I’m not here to define the difference between malpractice, negligent homicide or out and out murder, but the story I am going to tell you is nothing less than murder; murder that took place in a hospital about twenty years ago and occurred not because of malice or stupidity but because of arrogance and self-centeredness.
In the late 1980s, at a major public city hospital, an African American man in his twenties was admitted to the intensive care unit with heart failure. An electrocardiogram (ECG) suggested he had a large heart attack. While I do not recall all of the patient’s symptoms I do remember that he had not been feeling well for about two weeks and that his wife brought him to the hospital because he looked very ill. Sensitive blood tests did not confirm he had a heart attack -- possibly because it had occurred as much as two weeks earlier (these tests are only positive for several days after a heart attack).
As is the case in most city hospitals the patient was admitted to a group of medical residents who were supervised by, and took their orders from, senior physicians employed by the hospital. I became involved because the academic center I was training at had an affiliation with the public hospital and it was my job (usually a different cardiology fellow rotated through that hospital every month) to consult, when called, on patients admitted with heart problems.
In any event, two of the most senior and quite brilliant doctors (although they were not cardiologists) at the city hospital came to the conclusion that this young man had not had a heart attack but suffered from a very unusual presentation of myocarditis – an acute inflammation of the heart -- even though the ECG indicated a heart attack had occurred. I suggested to both doctors, and to their medical residents, that they might indeed be right about the myocarditis, but that this young man also could also have coronary artery disease and that if we didn’t act on it the results would be catastrophic. I brought my attending in to speak to them, and even though he agreed with my diagnosis and suppositions, he was too indifferent or too timid to persuade the men to reconsider their strongly held opinion.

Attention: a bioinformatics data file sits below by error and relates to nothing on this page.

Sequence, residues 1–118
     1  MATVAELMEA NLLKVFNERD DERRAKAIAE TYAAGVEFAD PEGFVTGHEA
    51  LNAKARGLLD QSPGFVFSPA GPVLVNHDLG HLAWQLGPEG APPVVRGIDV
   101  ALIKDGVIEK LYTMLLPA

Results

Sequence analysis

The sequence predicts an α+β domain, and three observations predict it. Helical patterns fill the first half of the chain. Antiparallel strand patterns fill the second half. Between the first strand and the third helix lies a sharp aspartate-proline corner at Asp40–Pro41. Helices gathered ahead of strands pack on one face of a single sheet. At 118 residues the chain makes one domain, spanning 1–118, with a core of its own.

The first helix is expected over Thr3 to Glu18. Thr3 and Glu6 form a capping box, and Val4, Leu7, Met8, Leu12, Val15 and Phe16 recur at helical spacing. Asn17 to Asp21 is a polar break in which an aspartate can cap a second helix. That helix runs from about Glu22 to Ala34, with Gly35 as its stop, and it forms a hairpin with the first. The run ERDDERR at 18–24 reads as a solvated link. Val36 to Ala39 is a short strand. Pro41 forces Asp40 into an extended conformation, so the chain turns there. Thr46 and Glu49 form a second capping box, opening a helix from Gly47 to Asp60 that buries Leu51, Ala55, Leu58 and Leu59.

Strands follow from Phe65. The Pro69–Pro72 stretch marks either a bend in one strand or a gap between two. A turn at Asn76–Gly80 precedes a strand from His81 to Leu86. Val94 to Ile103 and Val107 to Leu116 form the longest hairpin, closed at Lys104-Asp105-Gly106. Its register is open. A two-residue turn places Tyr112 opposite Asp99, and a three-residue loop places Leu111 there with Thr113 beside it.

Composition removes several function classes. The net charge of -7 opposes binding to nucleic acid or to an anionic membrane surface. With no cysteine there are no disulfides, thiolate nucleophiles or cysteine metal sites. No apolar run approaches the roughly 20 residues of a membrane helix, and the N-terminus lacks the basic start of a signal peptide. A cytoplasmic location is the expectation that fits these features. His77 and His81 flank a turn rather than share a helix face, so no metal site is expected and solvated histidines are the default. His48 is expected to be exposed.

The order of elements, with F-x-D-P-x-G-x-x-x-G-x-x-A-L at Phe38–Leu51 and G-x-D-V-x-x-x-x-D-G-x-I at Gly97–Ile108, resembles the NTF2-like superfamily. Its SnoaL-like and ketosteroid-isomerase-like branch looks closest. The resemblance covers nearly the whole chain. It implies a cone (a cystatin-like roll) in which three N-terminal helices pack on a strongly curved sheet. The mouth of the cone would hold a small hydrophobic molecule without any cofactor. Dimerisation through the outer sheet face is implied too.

The two doctors did not want to hear about the possibility that the patient had coronary disease; they were certain he had myocarditis and should be treated for this illness and sent home. When I voiced my belief that it was a potentially grave error not to send this patient for an angiogram to make certain he did not have coronary disease, I was ordered to stop writing notes in the chart and not to see the patient again. Perhaps I could have done more, but only two years before I was reprimanded by a vice-chairman of medicine ( I later found out that he sent a letter out to my supervisor suggesting he review my patient’s charts) because I questioned a doctor’s order to transfuse a patient – even though the medical literature supported my opinion. And I guess I just did not want to take any more risks fighting with powerful and spiteful men. Not back then anyway.
As it turns out, the patient did indeed have coronary disease. He had a second heart attack, just as he was being discharged from the hospital, and died a few days later. The autopsy confirmed the presence of severe coronary artery disease. Yet with almost no regrets or remorse the two senior doctors circulated articles to the staff about how rare viruses might cause unusual heart attacks. Neither ever apologized to me, or more importantly, to the patient’s wife, and nothing ever came of this episode. No one was reprimanded and both doctors continue to teach at major medical centers to this day.
I always tell young physicians and physician assistants that hubris kills more patients than ignorance. Two arrogant senior physicians and their crew of younger residents were as blind to reason as the members of an unjustly inflamed and murderous mob. And that, together with the indifference or cowardice of others, who might have spoken out, but did not, caused the death of this young man.